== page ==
Teuila Fuatai is a reporter for the NZ Herald

Violence major target of discipline

Violence, abuse and dangerous behaviour have sparked 390 stand-downs, suspensions and permanent student dismissals from Hawke's Bay schools this year.

Education Ministry figures released under the Official Information Act show nearly half were due to physical assaults on staff and students.

Over 180 violent incidents resulted in disciplinary cases in the year to October 16, with nine students permanently dismissed from school.

Hawke's Bay figures relate to schools in Wairoa, Napier, Hastings and the Central Hawke's Bay.

Nelson Park School principal Nevan Bridge said developing a positive school culture was the best way to deal with violence.

Students had to think about what they have done, why it was wrong, and how they could have dealt with the situation differently, Mr Bridge said. As a result, "instances in our playground" had significantly dropped in the past nine years.

Last November, Flaxmere College student Adriana Kemp was left with spinal injuries after being brutally attacked by two classmates.

The 14-year-old had screws inserted into her skull to keep her spine straight after the incident, which was captured on another student's cellphone.

However, the number of disciplinary cases for violent and dangerous behaviour across Hawke's Bay schools has fallen in recent years - down 34 per cent in the last year alone.

Mr Bridge said only one child had been suspended at the Napier school in nine years.

"We work really hard at making it work for the child. We really reinforce the message of friendliness, courtesy and co-operation."

Nationally, violent and harmful behaviour offences accounted for more than half of all primary and secondary student stand-downs, suspensions and permanent dismissals from primary and secondary schools this year.

Of the 17,558 disciplinary cases, nearly 9000 were for violence, abuse, dangerous behaviour or weapons offences.

New Zealand Principals' Federation president Paul Drummond said removing pupils from school was a last resort. Many schools had introduced programmes aimed at promoting positive learning cultures and discouraging anti-social behaviour. Student disciplinary cases for violence and dangerous behaviour have dropped significantly in recent years, down 30 per cent since 2009.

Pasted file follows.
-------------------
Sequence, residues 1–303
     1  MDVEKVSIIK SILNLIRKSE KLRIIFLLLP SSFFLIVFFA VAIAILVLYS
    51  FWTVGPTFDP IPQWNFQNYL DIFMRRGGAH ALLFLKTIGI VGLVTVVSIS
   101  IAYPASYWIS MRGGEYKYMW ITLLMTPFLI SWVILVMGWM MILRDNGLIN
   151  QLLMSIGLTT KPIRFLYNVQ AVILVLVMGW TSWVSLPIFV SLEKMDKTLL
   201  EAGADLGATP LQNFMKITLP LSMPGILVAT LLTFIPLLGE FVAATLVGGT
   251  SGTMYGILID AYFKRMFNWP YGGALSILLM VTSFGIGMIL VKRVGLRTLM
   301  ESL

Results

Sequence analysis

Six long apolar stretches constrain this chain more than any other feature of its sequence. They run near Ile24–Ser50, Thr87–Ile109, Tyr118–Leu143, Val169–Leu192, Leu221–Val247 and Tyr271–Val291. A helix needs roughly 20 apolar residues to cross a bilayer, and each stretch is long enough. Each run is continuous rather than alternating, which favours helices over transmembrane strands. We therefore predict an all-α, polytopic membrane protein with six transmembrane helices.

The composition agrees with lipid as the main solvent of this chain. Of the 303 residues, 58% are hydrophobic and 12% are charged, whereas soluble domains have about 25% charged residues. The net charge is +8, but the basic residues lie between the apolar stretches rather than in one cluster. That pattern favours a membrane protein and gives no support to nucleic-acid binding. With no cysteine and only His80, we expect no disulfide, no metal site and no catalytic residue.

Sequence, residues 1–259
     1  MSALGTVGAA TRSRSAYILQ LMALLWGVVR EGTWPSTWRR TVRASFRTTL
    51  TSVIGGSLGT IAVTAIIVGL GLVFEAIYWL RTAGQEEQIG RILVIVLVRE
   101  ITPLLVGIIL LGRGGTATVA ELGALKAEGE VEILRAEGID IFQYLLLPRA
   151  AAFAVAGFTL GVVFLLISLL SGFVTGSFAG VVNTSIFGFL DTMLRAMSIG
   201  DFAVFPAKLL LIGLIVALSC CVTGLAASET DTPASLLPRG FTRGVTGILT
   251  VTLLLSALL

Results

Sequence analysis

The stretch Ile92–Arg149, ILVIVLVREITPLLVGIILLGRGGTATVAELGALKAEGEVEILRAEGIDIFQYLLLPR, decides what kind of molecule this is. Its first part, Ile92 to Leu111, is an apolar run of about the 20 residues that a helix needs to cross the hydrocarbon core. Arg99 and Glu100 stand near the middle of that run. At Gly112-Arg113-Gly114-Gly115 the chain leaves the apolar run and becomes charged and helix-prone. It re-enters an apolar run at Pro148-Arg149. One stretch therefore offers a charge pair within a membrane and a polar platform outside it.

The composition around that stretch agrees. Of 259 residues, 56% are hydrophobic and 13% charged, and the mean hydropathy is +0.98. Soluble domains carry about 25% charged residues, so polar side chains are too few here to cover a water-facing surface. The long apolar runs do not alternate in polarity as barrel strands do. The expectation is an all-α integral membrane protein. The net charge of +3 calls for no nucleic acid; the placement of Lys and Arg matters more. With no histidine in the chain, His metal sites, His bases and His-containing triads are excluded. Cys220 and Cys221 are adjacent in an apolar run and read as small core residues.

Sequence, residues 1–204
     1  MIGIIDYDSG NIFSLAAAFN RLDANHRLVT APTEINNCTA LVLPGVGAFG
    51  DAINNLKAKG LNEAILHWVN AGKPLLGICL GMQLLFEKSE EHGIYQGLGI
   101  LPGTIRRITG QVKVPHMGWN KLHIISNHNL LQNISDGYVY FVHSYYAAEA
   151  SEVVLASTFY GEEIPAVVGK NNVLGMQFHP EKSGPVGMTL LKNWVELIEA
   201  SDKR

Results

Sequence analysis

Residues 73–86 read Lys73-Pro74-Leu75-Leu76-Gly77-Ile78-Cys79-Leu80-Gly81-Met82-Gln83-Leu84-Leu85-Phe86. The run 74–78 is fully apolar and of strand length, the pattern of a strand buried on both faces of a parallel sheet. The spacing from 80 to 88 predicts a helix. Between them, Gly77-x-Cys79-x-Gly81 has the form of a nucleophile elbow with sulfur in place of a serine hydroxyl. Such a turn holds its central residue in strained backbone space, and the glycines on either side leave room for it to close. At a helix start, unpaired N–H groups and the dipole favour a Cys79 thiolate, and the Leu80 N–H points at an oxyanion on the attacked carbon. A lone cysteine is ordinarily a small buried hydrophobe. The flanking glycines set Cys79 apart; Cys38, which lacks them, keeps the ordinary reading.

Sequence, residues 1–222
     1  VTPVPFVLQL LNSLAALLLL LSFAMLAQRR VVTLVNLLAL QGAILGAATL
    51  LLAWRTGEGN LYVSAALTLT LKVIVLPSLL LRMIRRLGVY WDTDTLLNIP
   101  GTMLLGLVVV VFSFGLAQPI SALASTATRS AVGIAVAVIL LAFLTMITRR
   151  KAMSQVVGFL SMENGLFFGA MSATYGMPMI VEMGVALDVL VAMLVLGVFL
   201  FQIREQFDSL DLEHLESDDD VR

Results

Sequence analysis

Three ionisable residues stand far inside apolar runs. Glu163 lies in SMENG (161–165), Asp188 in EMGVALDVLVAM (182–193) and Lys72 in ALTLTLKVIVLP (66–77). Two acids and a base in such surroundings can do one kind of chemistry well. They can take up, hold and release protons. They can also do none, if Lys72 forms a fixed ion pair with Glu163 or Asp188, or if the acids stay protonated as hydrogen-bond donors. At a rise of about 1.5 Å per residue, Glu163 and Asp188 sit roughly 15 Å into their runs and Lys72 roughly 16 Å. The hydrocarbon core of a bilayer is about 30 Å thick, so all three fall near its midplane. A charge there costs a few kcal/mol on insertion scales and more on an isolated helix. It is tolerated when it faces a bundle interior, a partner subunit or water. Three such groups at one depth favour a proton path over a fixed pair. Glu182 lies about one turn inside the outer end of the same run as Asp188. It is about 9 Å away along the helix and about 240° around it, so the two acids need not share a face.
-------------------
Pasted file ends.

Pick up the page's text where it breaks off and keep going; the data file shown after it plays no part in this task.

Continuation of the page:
But the decline may not necessarily correlate to less violence in schools, Mr Drummond cautioned.

"Schools have put a lot of resources into managing serious behaviour and whether or not that's reflective of a decrease in anti-social behaviour outside the school gate - I just don't know.

"There are still obviously instances of serious misconduct that are challenging to manage."

Many violence offences involved male students in their intermediate and early high school years. "Just by their normal maturation they are starting to challenge and it's also a time when some children are starting to be disengaged from school."

Sadly, violence among primary school students was not uncommon either, Mr Drummond said.

Post Primary Teachers' Association president Robin Duff said some schools were reluctant to impose disciplinary action against students or report them to the ministry. They feared being judged by parents on the number of violent incidents that occurred.

"There is some pressure on principals and boards to keep it [violent and dangerous incident reporting] in-house."

Figures include physical and verbal assaults on staff and students, weapons offences and "other" types of harmful or dangerous behaviour.


  • Stand-down: Removal of a student for up to five days. Decision is made by the principal.

  • Suspension: Formal removal of a student from school until the board of trustees decides the outcome at a meeting. The board can extend or lift the suspension, or terminate the student's enrolment at the school.

  • Exclusion: Permanent termination of a student, aged 15 and under, from school.

  • Expulsion: Permanent termination of a student, aged 16 and over, from school.

Source: Education Ministry

- Hawkes Bay Today

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